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  1. Small pelagic fish support some of the largest fisheries globally, yet there is an ongoing debate about the magnitude of the impacts of environmental processes and fishing activities on target species. We use a nonparametric, nonlinear approach to quantify these effects on the Pacific sardine (Sardinops sagax) in the Gulf of California. We show that the effect of fishing pressure and environmental variability are comparable. Furthermore, when predicting total catches, the best models account for both drivers. By using empirical dynamic programming with average environmental conditions, we calculated optimal policies to ensure long-term sustainable fisheries. The first policy, the equilibrium maximum sustainable yield, suggests that the fishery could sustain an annual catch of ∼2.16 × 10 5 tonnes. The second policy with dynamic optimal effort, reveals that the effort from 2 to 4 years ago impacts the current maximum sustainable effort. Consecutive years of high effort require a reduction to let the stock recover. Our work highlights a new framework that embraces the complex processes that drive fisheries population dynamics yet produces simple and robust advice to ensure long-term sustainable fisheries.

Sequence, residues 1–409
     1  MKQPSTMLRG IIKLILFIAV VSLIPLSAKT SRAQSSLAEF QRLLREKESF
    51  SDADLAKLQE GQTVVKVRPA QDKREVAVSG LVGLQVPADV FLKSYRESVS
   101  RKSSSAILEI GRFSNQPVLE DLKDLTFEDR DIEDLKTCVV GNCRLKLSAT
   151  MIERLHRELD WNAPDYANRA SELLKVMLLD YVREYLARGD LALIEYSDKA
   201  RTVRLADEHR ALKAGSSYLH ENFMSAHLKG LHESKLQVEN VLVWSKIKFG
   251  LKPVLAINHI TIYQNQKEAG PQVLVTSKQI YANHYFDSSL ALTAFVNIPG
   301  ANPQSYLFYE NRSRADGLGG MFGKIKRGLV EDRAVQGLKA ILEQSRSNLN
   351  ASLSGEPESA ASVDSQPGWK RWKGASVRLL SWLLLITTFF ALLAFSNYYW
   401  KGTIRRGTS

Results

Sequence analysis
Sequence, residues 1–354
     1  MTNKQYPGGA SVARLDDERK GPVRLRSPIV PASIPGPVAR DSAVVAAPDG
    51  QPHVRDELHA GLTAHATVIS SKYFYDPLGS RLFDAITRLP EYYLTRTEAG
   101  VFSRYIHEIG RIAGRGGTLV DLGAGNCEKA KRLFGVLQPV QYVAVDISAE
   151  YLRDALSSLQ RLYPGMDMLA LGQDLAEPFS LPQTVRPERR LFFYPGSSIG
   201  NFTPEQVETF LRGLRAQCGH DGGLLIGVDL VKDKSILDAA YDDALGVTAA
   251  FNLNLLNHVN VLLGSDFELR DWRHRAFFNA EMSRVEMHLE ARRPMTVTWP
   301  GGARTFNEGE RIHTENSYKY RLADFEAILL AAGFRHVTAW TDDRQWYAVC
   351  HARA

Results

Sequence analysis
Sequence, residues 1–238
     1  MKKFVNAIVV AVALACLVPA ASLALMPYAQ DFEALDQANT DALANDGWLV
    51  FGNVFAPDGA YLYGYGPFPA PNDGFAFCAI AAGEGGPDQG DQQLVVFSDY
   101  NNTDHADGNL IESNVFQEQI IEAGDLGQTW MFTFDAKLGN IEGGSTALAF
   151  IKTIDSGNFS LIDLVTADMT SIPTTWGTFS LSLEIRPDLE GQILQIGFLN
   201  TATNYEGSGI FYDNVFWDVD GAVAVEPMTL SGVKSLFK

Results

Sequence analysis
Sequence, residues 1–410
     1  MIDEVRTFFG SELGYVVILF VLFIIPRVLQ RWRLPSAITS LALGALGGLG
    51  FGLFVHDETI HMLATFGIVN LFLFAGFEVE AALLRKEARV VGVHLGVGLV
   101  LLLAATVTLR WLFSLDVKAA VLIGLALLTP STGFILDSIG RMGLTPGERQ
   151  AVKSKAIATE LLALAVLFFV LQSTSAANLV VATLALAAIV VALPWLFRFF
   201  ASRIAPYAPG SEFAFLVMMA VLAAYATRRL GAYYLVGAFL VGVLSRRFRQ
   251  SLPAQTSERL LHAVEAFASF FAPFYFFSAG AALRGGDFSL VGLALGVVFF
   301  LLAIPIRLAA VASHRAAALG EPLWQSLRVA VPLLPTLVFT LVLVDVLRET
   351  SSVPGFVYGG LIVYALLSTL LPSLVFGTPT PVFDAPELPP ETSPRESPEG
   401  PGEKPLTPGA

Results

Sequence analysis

2. The seasonal timing of seed germination determines a plant’s realized environmental niche, and is important for adaptation to climate. The timing of seasonal germination depends on patterns of seed dormancy release or induction by cold and interacts with flowering-time variation to construct different seasonal life histories. To characterize the genetic basis and climatic associations of natural variation in seed chilling responses and associated life-history syndromes, we selected 559 fully sequenced accessions of the model annual species Arabidopsis thaliana from across a wide climate range and scored each for seed germination across a range of 13 cold stratification treatments, as well as the timing of flowering and senescence. Germination strategies varied continuously along 2 major axes: 1) Overall germination fraction and 2) induction vs. release of dormancy by cold. Natural variation in seed responses to chilling was correlated with flowering time and senescence to create a range of seasonal life-history syndromes. Genome-wide association identified several loci associated with natural variation in seed chilling responses, including a known functional polymorphism in the self-binding domain of the candidate gene DOG1. A phylogeny of DOG1 haplotypes revealed ancient divergence of these functional variants associated with periods of Pleistocene climate change, and Gradient Forest analysismore »showed that allele turnover of candidate SNPs was significantly associated with climate gradients. These results provide evidence that A. thaliana ’s germination niche and correlated life-history syndromes are shaped by past climate cycles, as well as local adaptation to contemporary climate.« less